Last year in the UK over 60,000 cancer patients enrolled on clinical trials aimed at improving cancer treatments and making them available to all.
A trial comparing nivolumab with everolimus for advanced kidney cancer (CA209025)
This trial compared nivolumab (BMS-936558) with everolimus to treat cancer that had grown outside the kidneys or had spread to another part of the body. It was for people with the most common type of kidney cancer called renal cell cancer.
More about this trial
Doctors often treat advanced kidney cancer with biological therapies that block blood vessel growth to cancer cells. These are called anti angiogenic drugs. If your cancer had stopped responding to these drugs, you may have another drug called everolimus.
The aim of the trial was to see if nivolumab worked better than everolimus for advanced renal cell cancer in people who already had other anti angiogenic drugs.
Summary of results
The trial team found nivolumab was better than everolimus for people with advanced renal cell cancer.
- 410 had nivolumab
- 411 had everolimus
The team looked at how well the 2 treatments worked.
For those who had nivolumab
- in 4 people their cancer had completely gone (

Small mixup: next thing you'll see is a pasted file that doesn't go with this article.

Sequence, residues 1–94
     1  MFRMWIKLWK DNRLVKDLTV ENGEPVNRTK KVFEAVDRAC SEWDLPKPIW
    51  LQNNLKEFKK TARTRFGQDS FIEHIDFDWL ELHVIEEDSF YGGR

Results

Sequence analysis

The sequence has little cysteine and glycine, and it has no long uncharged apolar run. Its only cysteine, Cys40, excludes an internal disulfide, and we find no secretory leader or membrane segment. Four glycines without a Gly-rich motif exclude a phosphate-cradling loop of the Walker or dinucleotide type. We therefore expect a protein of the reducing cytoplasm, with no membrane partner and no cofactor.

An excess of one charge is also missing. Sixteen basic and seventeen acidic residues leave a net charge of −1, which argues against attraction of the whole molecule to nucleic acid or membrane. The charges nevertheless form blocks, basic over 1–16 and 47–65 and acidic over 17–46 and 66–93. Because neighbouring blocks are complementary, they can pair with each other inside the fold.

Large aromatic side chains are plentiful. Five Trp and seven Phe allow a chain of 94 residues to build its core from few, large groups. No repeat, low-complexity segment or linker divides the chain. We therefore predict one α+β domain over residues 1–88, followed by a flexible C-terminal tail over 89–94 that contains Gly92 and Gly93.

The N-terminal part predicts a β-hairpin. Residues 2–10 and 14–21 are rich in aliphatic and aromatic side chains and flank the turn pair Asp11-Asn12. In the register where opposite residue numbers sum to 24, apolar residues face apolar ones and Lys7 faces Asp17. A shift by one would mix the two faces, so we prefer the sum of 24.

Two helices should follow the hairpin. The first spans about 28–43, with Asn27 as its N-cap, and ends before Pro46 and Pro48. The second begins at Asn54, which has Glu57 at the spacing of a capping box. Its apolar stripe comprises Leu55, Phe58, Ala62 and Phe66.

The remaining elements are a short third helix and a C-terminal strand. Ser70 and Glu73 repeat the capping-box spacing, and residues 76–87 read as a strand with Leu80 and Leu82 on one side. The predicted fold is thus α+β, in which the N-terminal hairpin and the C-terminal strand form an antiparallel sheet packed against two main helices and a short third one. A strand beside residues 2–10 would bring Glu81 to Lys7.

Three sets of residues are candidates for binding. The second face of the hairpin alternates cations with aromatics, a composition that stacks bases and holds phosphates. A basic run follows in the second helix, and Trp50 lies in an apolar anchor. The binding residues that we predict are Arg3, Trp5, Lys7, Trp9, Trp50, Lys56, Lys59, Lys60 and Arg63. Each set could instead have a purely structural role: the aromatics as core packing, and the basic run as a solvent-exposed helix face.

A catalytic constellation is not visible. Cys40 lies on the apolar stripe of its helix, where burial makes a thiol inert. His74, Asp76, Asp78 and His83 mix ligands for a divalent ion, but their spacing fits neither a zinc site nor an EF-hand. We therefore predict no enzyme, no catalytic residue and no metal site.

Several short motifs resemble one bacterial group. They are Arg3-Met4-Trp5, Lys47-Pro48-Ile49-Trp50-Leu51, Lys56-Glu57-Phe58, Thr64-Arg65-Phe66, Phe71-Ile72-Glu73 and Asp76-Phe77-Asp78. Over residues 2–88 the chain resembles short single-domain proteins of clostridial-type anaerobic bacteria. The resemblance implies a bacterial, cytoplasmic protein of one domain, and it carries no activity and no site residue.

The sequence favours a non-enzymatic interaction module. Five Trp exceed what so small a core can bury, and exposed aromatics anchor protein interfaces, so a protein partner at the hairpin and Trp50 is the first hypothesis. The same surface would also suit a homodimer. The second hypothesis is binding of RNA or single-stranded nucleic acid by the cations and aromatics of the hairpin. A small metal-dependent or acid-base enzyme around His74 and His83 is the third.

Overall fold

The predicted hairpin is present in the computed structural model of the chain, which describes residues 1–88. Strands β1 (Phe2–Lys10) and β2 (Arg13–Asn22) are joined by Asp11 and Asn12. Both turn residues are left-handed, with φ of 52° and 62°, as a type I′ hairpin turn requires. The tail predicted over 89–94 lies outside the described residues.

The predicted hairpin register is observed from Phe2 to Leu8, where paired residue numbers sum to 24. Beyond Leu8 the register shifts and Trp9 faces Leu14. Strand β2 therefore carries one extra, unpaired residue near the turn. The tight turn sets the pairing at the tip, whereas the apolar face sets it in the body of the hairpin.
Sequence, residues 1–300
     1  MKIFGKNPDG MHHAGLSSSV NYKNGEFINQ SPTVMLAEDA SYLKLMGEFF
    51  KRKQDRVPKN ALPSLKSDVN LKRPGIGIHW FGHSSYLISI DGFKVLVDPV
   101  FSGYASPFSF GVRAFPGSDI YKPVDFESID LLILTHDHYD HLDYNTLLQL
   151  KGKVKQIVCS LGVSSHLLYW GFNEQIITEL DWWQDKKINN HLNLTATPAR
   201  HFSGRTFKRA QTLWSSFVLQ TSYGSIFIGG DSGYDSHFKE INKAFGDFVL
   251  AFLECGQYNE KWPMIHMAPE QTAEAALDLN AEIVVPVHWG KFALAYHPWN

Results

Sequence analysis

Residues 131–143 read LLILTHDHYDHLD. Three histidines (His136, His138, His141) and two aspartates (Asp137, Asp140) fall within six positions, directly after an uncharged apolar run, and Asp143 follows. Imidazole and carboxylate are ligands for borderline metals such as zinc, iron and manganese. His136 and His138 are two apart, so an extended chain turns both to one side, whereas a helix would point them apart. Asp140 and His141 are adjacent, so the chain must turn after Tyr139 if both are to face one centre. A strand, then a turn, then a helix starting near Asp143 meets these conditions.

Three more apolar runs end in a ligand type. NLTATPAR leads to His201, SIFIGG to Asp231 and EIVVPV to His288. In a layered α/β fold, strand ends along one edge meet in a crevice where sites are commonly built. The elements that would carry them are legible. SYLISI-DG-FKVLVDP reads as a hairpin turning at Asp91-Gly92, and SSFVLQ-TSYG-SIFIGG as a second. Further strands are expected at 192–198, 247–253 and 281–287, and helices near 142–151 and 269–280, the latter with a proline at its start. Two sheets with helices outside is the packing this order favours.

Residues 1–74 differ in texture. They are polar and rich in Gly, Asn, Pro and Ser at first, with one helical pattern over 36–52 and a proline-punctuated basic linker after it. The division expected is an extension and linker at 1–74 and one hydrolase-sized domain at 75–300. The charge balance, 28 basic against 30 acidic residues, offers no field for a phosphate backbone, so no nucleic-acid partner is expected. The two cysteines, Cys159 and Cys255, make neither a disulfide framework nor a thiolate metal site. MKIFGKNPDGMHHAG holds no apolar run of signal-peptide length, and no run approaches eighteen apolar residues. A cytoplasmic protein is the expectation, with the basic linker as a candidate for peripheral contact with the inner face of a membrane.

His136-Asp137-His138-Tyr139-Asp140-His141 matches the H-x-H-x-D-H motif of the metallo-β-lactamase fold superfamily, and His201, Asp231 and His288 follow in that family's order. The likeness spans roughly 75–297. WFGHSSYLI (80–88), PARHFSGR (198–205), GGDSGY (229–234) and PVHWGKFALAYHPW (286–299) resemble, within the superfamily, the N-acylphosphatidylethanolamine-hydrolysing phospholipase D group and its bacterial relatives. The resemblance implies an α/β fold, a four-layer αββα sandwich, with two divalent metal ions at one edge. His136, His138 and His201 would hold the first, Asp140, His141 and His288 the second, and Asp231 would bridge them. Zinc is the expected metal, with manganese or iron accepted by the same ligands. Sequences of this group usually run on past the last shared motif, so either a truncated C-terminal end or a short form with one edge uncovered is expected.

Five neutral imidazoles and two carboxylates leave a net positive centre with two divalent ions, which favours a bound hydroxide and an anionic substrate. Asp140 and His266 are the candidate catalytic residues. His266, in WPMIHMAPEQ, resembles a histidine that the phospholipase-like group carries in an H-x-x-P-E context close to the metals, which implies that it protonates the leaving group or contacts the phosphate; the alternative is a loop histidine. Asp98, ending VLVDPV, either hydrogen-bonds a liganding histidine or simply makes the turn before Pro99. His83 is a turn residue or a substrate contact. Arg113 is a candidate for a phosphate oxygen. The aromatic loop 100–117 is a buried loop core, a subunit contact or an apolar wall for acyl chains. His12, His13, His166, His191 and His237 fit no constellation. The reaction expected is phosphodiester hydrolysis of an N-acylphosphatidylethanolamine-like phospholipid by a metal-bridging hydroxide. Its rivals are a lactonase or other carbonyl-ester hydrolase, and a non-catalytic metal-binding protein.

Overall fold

- in 99 people their cancer had shrunk (
For those who had everolimus
- 2 people had a complete response
- 20 people had a partial response
The trial team looked at the number of people who had died. They found that
- in the nivolumab group it was 183
- in the everolimus group it was 215
Overall the average length of time people lived was
- 25 months for those who had nivolumab
- just over 19½ months for those who had everolimus
79 out of every 100 people (79%) who had nivolumab had side effects.
88 out of every 100 people (88%) who had everolimus had side effects.
The most common side effects of nivolumab were
- feeling sick
The most common side effects of everolimus were
- feeling sick
- sore mouth
- a drop in red blood cells
People were asked questions about how their cancer and any treatment affected their day to day life. This called
At the start of the trial the average score for quality of life was the same in each group.
During the trial the average score for those having nivolumab increased. This means that people rated their ability to manage day to day living as better than those having everolimuis. And they reported coping with their treatment more easily.
At the end of the trial there was a considerable difference in the quality of life score between the 2 groups.
The team concluded that for people with advanced renal cancer who have already had other anti angiogenic drugs there is benefit in having nivolumab.
We have based this summary on information from the research team. The information they sent us has been reviewed by independent specialists (
How to join a clinical trial
Please note: In order to join a trial you will need to discuss it with your doctor, unless otherwise specified.
Prof Martin Gore
NIHR Clinical Research Network: Cancer